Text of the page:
Seasonal values of the critical thermal maximum (CTMax) of eight species of adult marine Crustacea from temperate latitudes were measured and found to range between 20 and 34°C. The extent to which CTMax was dependent on acclimatization varied with species but for most of the species studied, summer-captured animals had significantly higher CTMax values than winter-captured animals. Heat shock resulted in an increase in thermotolerance in most species in winter-captured animals, but a different pattern was found for summer-captured animals. Then, only Cancer pagurus and Pagurus bernhardus showed a positive increment of CTMax on heat shock. Test for Serial Independence analysis indicated no significant phylogenetic autocorrelation between CTMax values in winter or summer-captured animals. Temperature measurements taken by remote data loggers in the intertidal zone of the North-East coast of England are reported. These suggest that several species, whose distribution extends into the intertidal zone, may experience temperatures close to their CTMax in summer.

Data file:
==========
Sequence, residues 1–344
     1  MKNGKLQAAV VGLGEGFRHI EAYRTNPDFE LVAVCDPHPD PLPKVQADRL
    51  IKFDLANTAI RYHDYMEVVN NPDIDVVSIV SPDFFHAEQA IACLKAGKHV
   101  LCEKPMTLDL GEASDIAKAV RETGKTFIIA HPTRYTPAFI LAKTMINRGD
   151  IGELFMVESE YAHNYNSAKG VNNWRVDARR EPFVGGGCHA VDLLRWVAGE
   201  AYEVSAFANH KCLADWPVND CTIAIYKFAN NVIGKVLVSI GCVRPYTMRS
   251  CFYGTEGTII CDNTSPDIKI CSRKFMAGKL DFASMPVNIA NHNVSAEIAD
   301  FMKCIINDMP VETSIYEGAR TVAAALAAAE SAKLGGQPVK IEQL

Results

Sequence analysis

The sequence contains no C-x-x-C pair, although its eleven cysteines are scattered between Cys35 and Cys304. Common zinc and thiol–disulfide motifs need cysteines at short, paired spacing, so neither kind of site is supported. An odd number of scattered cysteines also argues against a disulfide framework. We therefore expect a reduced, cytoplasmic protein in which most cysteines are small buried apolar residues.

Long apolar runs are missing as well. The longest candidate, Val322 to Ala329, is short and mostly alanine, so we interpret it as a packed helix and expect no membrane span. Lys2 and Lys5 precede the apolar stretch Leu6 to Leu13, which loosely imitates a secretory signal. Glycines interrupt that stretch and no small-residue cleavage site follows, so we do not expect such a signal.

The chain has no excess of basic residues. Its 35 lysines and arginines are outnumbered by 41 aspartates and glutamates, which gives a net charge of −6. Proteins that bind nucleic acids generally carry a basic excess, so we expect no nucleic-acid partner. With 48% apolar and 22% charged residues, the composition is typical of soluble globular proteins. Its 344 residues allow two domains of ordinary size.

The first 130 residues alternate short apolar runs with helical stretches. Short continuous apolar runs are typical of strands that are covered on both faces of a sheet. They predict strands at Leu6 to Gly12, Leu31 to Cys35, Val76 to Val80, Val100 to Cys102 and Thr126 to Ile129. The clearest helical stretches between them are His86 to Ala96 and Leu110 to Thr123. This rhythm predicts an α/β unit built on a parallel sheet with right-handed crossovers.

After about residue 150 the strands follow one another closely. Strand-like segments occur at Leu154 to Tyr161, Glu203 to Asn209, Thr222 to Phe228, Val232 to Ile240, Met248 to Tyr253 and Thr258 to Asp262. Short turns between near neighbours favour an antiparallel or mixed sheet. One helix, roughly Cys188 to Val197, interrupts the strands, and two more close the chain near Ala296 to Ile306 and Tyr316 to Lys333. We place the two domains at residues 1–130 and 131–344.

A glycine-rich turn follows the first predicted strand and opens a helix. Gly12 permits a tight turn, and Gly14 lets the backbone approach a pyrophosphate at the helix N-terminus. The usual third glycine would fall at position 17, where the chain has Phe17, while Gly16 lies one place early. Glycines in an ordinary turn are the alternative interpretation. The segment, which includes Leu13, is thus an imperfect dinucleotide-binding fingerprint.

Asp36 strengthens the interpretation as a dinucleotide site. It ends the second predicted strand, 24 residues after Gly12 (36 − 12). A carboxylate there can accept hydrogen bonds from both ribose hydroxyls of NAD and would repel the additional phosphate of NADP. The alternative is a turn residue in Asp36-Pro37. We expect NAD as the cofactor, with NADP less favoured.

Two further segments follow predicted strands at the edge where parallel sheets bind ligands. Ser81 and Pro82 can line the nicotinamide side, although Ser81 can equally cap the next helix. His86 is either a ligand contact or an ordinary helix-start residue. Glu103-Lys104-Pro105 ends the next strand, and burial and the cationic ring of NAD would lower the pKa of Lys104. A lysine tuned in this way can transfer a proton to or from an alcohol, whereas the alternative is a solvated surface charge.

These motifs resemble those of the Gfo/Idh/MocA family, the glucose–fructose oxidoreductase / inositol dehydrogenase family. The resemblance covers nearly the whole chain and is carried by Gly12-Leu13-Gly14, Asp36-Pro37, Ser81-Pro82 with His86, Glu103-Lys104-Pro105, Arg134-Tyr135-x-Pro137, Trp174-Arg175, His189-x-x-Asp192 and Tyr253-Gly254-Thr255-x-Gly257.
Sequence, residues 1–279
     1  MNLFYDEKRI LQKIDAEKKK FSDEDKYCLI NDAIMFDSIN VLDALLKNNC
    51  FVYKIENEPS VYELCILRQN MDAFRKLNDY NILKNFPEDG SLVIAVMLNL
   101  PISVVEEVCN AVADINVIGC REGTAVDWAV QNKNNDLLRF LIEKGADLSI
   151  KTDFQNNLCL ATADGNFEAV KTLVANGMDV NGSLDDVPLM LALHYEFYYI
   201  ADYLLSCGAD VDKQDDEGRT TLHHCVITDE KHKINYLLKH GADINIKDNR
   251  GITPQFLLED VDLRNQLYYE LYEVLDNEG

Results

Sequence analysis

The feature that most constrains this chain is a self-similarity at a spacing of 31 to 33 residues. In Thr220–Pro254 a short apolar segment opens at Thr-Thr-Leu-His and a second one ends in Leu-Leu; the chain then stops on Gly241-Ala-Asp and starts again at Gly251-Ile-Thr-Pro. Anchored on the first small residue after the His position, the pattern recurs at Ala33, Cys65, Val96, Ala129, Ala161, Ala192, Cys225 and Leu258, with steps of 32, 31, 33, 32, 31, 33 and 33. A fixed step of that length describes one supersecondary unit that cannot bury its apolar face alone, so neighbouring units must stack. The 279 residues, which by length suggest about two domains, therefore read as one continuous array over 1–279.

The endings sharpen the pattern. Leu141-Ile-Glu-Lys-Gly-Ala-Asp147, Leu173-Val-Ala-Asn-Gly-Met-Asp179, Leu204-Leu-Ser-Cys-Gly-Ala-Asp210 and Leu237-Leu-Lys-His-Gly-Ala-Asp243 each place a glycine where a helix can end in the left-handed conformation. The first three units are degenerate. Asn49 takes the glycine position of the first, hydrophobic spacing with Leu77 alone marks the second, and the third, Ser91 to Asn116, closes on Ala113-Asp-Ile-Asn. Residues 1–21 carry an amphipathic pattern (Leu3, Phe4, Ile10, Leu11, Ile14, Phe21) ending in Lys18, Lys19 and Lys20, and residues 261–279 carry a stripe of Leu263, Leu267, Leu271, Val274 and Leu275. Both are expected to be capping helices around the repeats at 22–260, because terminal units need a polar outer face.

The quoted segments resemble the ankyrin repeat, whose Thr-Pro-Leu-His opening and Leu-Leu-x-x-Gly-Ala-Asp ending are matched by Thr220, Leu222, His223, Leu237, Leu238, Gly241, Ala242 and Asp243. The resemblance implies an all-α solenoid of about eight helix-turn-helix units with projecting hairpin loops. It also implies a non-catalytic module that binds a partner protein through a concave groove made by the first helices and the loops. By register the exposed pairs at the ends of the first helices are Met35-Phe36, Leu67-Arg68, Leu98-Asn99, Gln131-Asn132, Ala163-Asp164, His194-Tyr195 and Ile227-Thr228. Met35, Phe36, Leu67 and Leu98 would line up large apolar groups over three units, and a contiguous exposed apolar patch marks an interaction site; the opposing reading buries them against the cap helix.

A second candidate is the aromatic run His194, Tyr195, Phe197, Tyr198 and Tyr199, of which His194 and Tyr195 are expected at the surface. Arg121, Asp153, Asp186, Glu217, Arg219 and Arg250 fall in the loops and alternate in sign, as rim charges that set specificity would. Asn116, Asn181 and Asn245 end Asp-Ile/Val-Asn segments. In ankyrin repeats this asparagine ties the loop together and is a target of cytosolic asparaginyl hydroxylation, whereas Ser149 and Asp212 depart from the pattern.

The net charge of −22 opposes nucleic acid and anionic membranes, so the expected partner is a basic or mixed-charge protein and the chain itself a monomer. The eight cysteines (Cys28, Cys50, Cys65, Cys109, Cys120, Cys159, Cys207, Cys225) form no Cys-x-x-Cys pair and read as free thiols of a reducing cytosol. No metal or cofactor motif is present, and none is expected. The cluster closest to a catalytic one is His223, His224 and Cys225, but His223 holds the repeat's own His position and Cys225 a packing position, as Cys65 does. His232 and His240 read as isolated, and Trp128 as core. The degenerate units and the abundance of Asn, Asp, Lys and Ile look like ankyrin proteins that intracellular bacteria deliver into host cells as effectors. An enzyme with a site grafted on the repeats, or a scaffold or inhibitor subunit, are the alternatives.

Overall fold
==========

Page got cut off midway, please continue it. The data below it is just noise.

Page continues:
|Journal of Experimental Marine Biology and Ecology
|Published - 4 Apr 2006